“Society imposes limit: Identity and Subjectivity”

Mr Turner considers that the fact that catwalks around the world are bringing up more and more examples of genderless fashion, doesn’t mean that there will be a change of minds on the streets. High couture designers and fashionistas work to create pieces of art that in mostly of the occasion never see the light to the public.

In his opinion, even when designers create something different, there is still a “female versus male” reaction. A menswear collection with feminine touches is still created ultimately for men.

Society has a strong power in deciding people’s clothing choices. Social trends spread viral across social media like Instagram and it guides us to what we think we are socially allowed to wear. Mr. Turner explain that this social rules have help transgender people to go through their process and changes. Although he agrees with people who claim they can dress however they want he warns about the most dangerous imposed limits, the intrapsychic ones, for which a person stop itself based on the concepts they were raised with.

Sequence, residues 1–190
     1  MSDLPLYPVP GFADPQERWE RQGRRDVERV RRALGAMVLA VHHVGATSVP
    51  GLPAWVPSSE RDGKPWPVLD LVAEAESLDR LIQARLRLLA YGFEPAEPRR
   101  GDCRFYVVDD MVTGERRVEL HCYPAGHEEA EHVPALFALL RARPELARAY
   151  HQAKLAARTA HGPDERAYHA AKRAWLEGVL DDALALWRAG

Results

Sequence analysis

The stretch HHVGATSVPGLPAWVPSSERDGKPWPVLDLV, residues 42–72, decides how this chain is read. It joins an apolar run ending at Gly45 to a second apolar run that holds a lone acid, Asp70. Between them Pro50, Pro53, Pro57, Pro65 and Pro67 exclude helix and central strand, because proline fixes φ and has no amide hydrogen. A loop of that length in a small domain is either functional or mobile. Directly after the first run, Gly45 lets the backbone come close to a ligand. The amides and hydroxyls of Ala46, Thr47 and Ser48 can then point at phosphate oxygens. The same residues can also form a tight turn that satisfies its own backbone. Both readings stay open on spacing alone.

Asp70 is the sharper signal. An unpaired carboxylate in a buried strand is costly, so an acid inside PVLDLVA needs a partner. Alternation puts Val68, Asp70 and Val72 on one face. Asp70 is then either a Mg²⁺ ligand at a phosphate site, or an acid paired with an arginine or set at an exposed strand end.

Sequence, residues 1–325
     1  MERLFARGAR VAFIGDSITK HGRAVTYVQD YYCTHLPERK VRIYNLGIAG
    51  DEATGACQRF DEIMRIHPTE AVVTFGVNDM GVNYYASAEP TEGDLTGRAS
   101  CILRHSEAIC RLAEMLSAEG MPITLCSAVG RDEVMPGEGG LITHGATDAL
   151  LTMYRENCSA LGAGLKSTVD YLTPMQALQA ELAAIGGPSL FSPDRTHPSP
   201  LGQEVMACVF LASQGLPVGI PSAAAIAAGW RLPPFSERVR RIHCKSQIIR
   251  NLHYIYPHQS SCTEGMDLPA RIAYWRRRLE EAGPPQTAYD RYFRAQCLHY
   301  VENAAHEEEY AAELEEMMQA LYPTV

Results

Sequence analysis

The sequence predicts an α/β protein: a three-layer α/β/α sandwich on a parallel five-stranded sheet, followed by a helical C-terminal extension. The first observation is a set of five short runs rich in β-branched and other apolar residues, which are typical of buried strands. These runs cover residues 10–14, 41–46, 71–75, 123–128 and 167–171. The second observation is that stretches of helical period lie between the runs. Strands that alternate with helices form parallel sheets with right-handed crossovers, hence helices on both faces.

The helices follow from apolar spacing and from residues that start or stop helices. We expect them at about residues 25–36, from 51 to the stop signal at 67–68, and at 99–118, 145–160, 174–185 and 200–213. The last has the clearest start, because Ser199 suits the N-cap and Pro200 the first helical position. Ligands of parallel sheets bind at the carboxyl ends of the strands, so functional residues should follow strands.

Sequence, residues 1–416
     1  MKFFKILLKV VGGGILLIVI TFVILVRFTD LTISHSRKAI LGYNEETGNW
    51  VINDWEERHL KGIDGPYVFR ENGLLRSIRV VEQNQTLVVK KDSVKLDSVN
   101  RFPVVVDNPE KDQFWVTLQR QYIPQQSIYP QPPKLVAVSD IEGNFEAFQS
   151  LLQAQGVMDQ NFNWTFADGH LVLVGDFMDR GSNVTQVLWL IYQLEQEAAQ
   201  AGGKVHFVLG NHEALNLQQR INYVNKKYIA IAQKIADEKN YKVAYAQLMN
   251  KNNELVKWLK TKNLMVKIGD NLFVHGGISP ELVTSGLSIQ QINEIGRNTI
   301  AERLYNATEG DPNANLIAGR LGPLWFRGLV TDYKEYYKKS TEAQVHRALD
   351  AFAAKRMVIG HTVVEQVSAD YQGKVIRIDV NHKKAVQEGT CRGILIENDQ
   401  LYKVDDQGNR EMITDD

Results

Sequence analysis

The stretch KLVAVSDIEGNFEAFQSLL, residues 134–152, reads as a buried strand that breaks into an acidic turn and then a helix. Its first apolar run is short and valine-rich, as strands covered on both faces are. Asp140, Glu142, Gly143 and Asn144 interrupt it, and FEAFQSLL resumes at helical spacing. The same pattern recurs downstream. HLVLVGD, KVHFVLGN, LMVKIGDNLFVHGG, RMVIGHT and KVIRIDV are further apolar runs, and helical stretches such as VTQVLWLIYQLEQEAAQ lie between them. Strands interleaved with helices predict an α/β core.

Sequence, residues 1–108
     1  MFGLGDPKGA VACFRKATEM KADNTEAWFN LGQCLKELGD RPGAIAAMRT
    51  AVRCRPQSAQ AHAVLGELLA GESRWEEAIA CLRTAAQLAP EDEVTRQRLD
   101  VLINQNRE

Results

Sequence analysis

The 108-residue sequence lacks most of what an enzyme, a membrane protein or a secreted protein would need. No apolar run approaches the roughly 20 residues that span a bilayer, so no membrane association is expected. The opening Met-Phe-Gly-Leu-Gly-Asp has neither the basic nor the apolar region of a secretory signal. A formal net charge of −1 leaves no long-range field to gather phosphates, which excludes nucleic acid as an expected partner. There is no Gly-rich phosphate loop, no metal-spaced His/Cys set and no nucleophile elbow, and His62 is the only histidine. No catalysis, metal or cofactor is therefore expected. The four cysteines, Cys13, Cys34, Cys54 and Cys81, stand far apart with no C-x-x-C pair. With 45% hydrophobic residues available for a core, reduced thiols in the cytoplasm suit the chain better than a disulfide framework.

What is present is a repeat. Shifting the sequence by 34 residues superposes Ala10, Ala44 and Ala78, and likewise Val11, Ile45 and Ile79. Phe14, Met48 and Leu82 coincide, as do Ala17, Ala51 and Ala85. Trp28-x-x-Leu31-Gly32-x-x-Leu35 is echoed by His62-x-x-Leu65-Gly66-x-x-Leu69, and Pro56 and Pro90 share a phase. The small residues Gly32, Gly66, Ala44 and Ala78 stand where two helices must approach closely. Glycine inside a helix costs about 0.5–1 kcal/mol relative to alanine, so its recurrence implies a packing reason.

As genderless fashion has become more of a trend in the fashion industry absorbed by netizens through social media, we have created an Instagram account @seethere.hearthat to ask people the very question we are eager to find answers: Does clothing express your true self, your identity, your sexuality?

Given catchy hashtags #IDontGender and #IDontGiveAGender users have responded with interesting answers.

May Worada, a model from Thailand said: “to me all traces of gender in clothing are socially constructed… I wear what I want, I wear what I am comfortable in.”


Slightly different for Touche, who defines self as a ladyboy, says clothes represent identity but not sexuality.